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Can you imagine being stumped and enraged by a few restrictive posts? People should know beta the manna 've M'N ... acting like gods of war and all red in the face of it!
I wasn't enraged. But, annoyed, yes. It's encountering various different barriers to living with a disability - because of general ignorance - day after day after day, that can get really frustrating.
 
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Well yes, architects. Not all created equal! In the mid 1980s my hospital had a huge addition & new entrance. OT manager reviewed the plans - ZERO covered accesssible parking spaces!! She created a stink about that & things got changed. More recent reno to the main lobby - beautiful new white tile floors - shiney - and SLIPPERY - and not friendly to those with visual issues or dementia!! Whole floor had to be torn up & replaced. Patient bathrooms in a new wing had 'accessible' showers - except they weren't accessible & created tripping hazard for both staff & patients - - ripped out & replaced. So yes ... architects! Great at some stuff, not so good at other bits.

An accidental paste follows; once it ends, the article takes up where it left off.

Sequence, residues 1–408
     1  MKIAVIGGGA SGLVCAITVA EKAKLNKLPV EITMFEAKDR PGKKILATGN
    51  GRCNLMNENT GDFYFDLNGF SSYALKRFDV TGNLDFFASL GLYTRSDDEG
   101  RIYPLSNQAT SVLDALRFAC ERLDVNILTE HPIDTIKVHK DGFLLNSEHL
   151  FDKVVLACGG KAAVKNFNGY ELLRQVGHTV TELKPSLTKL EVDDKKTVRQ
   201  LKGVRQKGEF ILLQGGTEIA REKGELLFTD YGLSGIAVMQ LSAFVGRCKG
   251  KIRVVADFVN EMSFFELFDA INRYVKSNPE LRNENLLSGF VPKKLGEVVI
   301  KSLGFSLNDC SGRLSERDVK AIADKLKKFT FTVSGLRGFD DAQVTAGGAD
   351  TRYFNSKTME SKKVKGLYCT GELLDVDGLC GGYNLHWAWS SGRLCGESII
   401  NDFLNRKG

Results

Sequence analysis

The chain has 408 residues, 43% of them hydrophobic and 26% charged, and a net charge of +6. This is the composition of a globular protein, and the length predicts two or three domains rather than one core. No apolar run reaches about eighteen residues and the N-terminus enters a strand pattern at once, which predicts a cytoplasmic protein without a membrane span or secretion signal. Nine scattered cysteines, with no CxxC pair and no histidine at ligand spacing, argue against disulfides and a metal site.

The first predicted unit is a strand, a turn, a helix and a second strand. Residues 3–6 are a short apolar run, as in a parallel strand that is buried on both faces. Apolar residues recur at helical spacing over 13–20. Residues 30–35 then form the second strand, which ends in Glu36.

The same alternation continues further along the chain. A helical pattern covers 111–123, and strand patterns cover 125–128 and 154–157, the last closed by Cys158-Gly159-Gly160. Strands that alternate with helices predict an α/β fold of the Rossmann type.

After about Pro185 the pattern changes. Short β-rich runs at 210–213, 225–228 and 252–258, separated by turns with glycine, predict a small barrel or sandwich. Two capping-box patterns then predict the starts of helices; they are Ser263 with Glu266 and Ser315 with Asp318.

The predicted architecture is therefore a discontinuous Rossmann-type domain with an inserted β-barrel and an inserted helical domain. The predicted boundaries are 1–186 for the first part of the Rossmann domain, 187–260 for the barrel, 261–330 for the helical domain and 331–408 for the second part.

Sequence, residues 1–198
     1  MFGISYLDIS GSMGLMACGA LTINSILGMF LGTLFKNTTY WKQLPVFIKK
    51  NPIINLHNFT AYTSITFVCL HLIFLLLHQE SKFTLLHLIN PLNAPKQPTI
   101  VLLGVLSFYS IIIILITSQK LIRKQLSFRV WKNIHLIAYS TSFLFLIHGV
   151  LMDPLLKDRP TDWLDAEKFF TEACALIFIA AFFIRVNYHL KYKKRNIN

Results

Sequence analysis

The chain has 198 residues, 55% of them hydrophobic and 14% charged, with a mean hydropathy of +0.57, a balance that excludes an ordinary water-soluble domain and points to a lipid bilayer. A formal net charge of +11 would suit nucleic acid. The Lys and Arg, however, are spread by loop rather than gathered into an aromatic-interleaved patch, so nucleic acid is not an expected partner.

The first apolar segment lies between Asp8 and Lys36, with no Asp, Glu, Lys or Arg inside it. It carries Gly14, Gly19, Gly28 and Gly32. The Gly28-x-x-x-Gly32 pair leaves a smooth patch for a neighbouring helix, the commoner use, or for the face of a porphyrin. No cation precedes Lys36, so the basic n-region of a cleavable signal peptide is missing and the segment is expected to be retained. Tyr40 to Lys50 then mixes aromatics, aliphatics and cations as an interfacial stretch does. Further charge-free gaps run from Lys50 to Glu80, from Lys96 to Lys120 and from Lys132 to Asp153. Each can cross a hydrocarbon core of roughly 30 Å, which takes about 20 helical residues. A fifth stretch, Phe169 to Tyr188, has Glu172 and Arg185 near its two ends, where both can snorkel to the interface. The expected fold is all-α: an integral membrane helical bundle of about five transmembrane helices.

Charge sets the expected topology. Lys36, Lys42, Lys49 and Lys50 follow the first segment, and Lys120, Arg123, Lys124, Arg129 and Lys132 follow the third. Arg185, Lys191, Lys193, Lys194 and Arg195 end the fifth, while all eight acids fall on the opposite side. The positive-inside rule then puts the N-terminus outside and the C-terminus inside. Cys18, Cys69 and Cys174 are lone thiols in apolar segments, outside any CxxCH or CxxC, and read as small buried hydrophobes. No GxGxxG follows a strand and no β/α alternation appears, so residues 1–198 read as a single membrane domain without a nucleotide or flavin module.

I noticed the floors on the new buses are slippery - my front wheels skid and its harder to back into the courtesy space.
 

BetteTheRed

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On a much sadder noted, my community is dealing with a hit & run fatality over the weekend of a disabled woman who was driving her power wheelchair in the bike lane of a major road (as she often did) before dawn - ie still dark. Tragic loss of someone well known in our community. The driver was later apprehended & charged. All very sad. Pedestrian & cyclist deaths are on a huge increase around here, but this is the first that I have heard of involving a person with mobility device.

I am not blaming non-drivers here, but I do wish that there were visibility rules around unlicensed locomotion. Lights, reflectors, etc.
 

Mendalla

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I am not blaming non-drivers here, but I do wish that there were visibility rules around unlicensed locomotion. Lights, reflectors, etc.

Bikes are required to have some minimum amount of lighting and there is a fine for non-compliance. They could easily do the same for these vehicles.

From the MoT guide to safe cycling:

The law requires that you equip your bike with:

A bell or horn in good working order
A white front light and a red rear light or
reflector if you ride between
1/2 hour before
sunset and
1/2 hour after sunrise
White reflective tape on the front forks and red reflective tape on rear forks
 

Carolla

wondering & wandering
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I am not blaming non-drivers here, but I do wish that there were visibility rules around unlicensed locomotion. Lights, reflectors, etc.
And on ALL our outwear clothing too!! It's not hard to do if anyone had the will to insist.